BLACK ARM BAND - Barbican Centre - LONDON

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Barbican Centre, Silk Street, London

Indigenous music group Black Arm Band unveil the fascinating story of their heritage, language and homelands and a side to Australia seldom seen by the world, taking us on a journey of vast landscapes and diverse communities.

Musicians from all over Australia, from rainforests, deserts, coastal towns and inner cities, demonstrate the vibrancy of Indigenous cultures. Singing in eleven languages and featuring the words of author Alexis Wright (Carpentaria) they give a human voice to these stories, as visuals by Melbourne’s Daybreak Films provide an rare opportunity to observe the communities in their own settings. An evocative juxtaposition of music and images; birds soaring alongside rich vocal harmonies, dust clouds swirl as we hear deep hum of a digeridoo, and children play basketball to hip-hop beats.

‘This tells the story of my connection to jagun (country). How I am the country, how I am keeping the heartbeat of my country going.’ - Emma Donovan, singer and Gumbayngirr woman.

‘Profoundly beautiful’ – Theatreview

‘Rich, melodious and undeniably intoxicating’ – Adelaide InDaily

Complementing dirtsong, Barbican Theatre presents The Shadow King by Malthouse Theatre, which also explores themes of land rights and cultural heritage.

BLACK ARM BAND - Sao Paulo - BRAZIL

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SESC, Clelia Street, 93 - Barra Funda, Sao Paulo

O grupo australiano Black Arm Band tem com principal objetivo celebrar a cultura contemporânea aborígene. Seu espetáculo Dirtsong é composto por projeção de imagens e música, cantada em onze línguas aborígenes por artistas australianos consagrados. A companhia já se apresentou para mais de um milhão de pessoas em todo o mundo, realizando turnês por países como China, Cingapura, Taiwan, Canadá, Estados Unidos, Europa e Reino Unido, e se apresentará pela primeira vez na América do Sul durante o festival Australia Now. - See more at: http://www.institutopinheiro.org.br/eventos/black-arm-band/?localidade=sao-paulo&set_it=1#.Vv5gyWR94y5

Jan28

Jack Charles v The Crown

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The University Theatre, 230 University Court Northwest, University Way NW, Calgary

Part of the 30th annual High Performance Rodeo, Calgary’s International Festival of the Arts

Based on the life of Uncle Jack Charles, spoken in his own words.

A powerful one-man show that shines the spotlight on the colourful life of one of Australia’s near forgotten treasures. Jack is an actor, musician, potter and gifted performer, but for a good portion of his nearly 70 years he has also been homeless, an addict, a thief and a regular in Victoria’s prisons.

A respected Aboriginal elder who pioneered Koorie theatre in the early 70s, founded Nindethana, the first Aboriginal theatre company, was a television regular and the star of movies including The Chant of Jimmie Blacksmith, Jack is one of Australia’s most highly regarded performers. At almost 70, no longer caught in the cycle of addiction, crime and doing time, Jack sings and tells his extraordinary tale with extraordinary flair.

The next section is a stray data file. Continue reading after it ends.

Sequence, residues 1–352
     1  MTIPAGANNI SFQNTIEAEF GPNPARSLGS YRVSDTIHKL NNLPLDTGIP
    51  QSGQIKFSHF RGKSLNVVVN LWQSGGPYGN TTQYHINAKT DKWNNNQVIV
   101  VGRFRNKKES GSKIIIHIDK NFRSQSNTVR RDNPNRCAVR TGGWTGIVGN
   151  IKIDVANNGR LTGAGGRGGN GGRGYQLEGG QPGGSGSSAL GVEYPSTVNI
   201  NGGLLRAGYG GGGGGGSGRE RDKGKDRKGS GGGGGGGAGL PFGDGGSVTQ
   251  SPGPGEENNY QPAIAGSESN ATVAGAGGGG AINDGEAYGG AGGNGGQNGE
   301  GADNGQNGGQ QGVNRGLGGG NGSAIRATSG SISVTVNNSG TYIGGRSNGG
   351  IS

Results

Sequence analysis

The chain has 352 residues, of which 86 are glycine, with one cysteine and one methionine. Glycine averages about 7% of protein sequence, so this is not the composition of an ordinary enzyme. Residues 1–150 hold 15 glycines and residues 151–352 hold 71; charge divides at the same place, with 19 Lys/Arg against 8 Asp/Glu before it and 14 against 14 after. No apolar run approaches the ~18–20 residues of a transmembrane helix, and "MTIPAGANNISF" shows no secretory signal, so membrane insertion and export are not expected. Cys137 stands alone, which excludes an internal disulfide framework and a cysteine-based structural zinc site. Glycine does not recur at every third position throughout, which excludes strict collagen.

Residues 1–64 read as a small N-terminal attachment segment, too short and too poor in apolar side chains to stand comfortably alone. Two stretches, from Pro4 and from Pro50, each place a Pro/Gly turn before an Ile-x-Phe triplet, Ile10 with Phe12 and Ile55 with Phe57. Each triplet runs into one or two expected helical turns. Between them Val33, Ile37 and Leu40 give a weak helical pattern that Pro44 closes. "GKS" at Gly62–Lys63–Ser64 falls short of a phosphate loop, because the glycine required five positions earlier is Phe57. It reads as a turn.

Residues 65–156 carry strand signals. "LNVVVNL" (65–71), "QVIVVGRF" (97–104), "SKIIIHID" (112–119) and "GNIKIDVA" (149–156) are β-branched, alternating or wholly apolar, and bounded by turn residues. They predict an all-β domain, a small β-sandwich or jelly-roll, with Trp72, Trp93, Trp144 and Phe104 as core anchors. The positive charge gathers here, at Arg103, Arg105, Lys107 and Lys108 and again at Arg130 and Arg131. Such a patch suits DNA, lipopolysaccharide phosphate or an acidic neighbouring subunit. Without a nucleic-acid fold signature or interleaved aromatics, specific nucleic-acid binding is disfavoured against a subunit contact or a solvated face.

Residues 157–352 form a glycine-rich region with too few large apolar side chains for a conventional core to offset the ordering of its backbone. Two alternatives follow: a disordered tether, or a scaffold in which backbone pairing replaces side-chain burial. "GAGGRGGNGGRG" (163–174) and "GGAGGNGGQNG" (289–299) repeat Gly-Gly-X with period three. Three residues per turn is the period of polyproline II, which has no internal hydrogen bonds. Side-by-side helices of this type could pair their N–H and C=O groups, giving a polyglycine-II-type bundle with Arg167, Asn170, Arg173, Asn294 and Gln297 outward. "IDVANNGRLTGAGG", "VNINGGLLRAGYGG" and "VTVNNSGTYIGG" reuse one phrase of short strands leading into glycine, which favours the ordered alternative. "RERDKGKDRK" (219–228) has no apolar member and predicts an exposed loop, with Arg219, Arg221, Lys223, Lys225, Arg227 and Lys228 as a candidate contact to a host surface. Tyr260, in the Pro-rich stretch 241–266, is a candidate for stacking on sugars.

“Steeped in decades of our history (social, political, theatrical), surprisingly upbeat…

A warm-hearted, very entertaining evening.” - Sydney Morning Herald

“There is something special about Uncle Jack. Something about his voice, his stature, his laugh, his story – something powerful but humbling. It was that something that ricocheted people to their feet to give the man a standing ovation. It is most certainly, something that you won’t want to miss.” - Australian Stage

Jan21

Jack Charles v The Crown

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The Fei and Milton Wong Experimental Theatre , 149 West Hastings Street, Vancouver

Jack Charles was a child of Australia’s Stolen Generation. Now in his 70s he is a celebrated actor, but also a drug addict with a mile-long rap sheet. In this remarkable work, he looks back at a life lived, and pleads his case.

ILBIJERRI Theatre Company (Australia), presented by PuSh Festival.

Jack Charles v The Crown

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National Arts Centre, 53 Elgin St, Ottawa

Aboriginal. Actor. Addict. Residential School Survivor. Cat Burglar. Homosexual. Jack Charles is an Australian tribal Elder and a living legend. This highly entertaining and autobiographical presentation, which includes a three-piece band, runs the gamut of a life lived to its utmost, spanning Charles’ career as an actor/musician, a lifetime of political activism, and a terrifying descent into heroin addiction and petty crime. His experience as a stolen child echoes the plight of Canada’s own Indigenous people – and his heart-warming presence, generous spirit and unswerving optimism make his journey one of resilience and reconnection. Jack Charles is a theatrical marvel. Jan 12th - 16th 2016

ILBIJERRI THEATRE and BLACK ARM BAND 2015 Western Arts Alliance Annual Conference

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The Westin Bayshore Hotel, Vancouver

FilmHarmonix is extremely proud to be involved with two of Australia's leading Indigenous acts, Ilbijerri Theatre and Black Arm Band at the 2015 Western Arts Alliance Annual Conference in Vancouver this year. Preview performances of "Jack Charles v The Crown" by Ilbijerri and "dirtsong" by Black Arm Band will be presented for the international arts market.